Having limited options
She just wanted money for her birthday so she could put it towards her school trip to the outdoor centre. And I just felt so sad that that’s what she had to ask for – for her birthday. Children should be children and not have that worry.”
Employment is no longer a guarantee against poverty
We often hear that employment is the way out of poverty. But it’s the quality and quantity of work – and how the tax and benefits system support people in work – that matters.
So, a higher hourly wage, like the Living Wage, helps. If people are able to work more hours, that helps too, but some employment contracts can make that difficult.
And the tax and benefits system needs to make sure that people on low incomes take home more of their pay – that it’s not taken away in lower benefits or reduced tax credits.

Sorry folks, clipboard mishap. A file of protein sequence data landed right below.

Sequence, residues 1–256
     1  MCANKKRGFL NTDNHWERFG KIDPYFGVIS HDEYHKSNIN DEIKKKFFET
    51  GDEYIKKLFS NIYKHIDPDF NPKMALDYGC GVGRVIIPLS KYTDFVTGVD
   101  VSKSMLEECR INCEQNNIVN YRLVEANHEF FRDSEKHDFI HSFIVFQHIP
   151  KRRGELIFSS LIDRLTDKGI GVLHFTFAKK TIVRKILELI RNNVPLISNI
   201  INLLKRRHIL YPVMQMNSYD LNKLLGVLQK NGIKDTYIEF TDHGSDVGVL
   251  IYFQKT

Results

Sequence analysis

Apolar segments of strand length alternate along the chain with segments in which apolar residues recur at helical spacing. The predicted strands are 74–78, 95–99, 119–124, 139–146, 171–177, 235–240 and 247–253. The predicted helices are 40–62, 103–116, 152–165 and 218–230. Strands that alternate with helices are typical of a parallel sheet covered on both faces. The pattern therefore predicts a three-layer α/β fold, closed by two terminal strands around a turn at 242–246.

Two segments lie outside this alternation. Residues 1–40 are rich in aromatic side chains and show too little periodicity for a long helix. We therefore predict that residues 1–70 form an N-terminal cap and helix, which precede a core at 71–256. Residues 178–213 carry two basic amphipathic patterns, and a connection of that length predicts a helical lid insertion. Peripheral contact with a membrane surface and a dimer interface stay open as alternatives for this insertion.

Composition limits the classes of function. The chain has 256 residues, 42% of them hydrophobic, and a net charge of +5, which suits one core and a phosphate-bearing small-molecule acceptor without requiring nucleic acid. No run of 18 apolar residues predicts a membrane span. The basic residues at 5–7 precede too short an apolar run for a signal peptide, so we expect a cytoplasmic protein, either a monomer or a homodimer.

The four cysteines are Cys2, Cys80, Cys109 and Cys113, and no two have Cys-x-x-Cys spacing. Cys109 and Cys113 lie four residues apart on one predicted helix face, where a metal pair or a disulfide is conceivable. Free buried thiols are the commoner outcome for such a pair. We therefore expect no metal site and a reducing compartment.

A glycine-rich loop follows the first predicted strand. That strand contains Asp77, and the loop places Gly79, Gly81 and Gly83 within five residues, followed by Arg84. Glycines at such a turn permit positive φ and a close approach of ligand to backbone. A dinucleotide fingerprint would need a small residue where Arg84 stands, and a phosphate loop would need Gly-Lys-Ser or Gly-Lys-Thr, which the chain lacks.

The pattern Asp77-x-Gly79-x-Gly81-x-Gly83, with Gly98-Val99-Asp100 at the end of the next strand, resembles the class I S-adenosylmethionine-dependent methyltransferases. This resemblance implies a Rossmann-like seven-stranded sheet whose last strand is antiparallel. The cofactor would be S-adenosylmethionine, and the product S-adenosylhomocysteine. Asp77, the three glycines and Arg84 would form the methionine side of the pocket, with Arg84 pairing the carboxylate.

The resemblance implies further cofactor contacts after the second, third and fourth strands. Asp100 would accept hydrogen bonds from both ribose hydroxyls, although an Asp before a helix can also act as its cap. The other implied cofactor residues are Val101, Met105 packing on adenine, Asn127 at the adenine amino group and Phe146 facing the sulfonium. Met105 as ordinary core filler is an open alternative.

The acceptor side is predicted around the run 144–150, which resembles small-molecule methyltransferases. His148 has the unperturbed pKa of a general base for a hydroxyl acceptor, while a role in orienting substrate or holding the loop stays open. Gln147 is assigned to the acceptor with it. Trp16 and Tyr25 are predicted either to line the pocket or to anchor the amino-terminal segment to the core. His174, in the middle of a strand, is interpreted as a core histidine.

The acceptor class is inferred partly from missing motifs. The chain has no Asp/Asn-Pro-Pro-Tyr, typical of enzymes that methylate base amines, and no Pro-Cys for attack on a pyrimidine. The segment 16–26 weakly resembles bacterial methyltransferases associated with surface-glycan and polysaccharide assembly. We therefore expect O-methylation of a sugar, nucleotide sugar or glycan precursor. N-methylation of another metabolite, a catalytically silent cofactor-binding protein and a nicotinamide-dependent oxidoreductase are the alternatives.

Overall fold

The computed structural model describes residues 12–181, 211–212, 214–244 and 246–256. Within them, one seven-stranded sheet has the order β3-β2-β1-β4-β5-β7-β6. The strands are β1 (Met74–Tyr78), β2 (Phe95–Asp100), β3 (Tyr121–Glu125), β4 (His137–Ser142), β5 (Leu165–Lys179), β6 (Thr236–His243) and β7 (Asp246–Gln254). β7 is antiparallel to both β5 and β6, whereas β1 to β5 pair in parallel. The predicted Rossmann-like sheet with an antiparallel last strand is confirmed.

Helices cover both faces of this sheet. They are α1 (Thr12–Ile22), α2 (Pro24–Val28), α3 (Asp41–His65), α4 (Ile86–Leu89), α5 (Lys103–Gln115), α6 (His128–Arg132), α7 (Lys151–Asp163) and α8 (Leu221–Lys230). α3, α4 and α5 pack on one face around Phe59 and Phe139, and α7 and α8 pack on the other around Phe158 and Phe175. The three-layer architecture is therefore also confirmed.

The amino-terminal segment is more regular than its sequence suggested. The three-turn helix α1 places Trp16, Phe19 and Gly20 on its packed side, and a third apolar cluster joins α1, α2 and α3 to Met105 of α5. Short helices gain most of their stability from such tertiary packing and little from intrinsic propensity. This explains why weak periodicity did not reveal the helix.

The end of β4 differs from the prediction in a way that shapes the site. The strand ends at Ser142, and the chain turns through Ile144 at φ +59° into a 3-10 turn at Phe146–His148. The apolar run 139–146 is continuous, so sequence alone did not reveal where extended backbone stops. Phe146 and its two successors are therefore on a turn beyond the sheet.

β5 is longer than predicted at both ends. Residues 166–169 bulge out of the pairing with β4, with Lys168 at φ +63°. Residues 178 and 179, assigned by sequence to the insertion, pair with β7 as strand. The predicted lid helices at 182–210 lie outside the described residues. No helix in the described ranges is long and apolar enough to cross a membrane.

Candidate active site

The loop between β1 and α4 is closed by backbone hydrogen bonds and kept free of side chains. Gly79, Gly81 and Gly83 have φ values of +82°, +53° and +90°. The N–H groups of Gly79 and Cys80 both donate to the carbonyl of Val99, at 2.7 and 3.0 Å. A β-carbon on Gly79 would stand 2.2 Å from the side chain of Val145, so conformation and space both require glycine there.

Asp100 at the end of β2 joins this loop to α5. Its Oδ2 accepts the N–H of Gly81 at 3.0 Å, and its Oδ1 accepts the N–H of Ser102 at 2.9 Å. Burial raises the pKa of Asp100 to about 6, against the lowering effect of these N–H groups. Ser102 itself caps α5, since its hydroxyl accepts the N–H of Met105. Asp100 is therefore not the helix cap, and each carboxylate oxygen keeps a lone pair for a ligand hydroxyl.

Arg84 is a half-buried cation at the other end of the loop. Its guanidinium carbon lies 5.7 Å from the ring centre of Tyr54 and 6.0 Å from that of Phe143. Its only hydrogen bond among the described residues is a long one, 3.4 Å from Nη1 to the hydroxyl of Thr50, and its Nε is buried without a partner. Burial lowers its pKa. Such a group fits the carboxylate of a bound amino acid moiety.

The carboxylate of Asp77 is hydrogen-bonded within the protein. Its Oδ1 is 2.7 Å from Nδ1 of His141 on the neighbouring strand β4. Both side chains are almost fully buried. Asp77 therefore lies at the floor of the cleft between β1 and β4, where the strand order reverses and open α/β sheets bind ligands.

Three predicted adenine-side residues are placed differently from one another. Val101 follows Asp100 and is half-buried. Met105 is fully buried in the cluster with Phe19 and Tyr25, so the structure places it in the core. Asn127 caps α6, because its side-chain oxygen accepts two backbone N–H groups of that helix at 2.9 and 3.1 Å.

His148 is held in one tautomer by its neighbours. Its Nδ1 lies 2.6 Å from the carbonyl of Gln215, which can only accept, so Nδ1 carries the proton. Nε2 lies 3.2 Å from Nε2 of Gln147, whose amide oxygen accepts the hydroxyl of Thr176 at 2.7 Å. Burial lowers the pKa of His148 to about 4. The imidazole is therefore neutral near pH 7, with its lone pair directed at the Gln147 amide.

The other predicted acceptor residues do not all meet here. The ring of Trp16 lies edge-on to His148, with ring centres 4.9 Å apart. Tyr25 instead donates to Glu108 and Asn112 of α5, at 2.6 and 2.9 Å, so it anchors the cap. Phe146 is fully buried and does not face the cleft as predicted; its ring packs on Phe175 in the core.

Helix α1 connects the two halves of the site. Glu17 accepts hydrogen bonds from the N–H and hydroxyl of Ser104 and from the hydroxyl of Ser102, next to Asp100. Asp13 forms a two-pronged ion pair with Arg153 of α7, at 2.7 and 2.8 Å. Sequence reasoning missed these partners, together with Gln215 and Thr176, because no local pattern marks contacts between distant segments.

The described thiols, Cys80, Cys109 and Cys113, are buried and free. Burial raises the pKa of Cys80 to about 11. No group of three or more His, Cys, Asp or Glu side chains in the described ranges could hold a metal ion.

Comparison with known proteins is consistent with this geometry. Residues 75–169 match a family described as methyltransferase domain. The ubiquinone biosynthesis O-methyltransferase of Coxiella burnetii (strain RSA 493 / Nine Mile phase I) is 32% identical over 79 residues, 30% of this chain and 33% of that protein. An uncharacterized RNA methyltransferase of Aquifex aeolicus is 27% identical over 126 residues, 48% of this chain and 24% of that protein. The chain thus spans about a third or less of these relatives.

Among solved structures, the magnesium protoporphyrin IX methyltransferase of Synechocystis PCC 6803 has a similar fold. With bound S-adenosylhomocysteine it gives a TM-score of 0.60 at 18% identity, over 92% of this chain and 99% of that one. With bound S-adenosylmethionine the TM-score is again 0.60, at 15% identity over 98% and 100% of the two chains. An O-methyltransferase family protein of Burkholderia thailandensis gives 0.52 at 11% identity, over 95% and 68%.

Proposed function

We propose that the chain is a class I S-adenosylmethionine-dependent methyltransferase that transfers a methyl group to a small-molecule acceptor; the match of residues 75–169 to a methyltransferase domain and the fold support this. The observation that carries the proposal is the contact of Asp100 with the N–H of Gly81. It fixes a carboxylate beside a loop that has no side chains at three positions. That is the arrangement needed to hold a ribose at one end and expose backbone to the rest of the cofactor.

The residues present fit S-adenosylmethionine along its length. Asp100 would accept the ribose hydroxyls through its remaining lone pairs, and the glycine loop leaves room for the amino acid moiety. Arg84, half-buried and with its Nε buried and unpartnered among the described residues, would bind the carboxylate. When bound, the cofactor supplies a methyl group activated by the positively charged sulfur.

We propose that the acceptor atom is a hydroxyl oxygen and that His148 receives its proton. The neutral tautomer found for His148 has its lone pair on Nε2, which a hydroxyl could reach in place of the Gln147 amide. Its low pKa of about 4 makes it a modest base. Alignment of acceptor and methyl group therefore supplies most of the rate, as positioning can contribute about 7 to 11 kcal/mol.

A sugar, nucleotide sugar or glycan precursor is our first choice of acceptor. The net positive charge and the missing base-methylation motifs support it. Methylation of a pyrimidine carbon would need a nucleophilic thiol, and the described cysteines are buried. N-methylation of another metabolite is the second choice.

In 2013/14, around half of working-age adults in poverty (48%) lived in working families. And more than half of children in poverty (56%) also lived in families where someone was working.
These figures are down from the previous year – which is good news. In 2013/14, more people moved into employment, and there were increases in the number of hours people were working. In particular, there was a shift from part-time employment to full-time employment for those on the lowest incomes. This has helped some working families to move out of poverty.
What is poverty? Dealing with stress and anxiety
I can’t survive on the minimum wage.I don’t earn enough to feed me and my family and have to borrow from other family members at the end of the month.”
Stress and anxiety
Everything is going up in price. Everything except my wages. I worry so much I am making myself ill. I can’t afford to put the heating on, so sit in the cold and go to bed early. I don’t know what I’m going to do.”
Poverty limits children’s choices and opportunities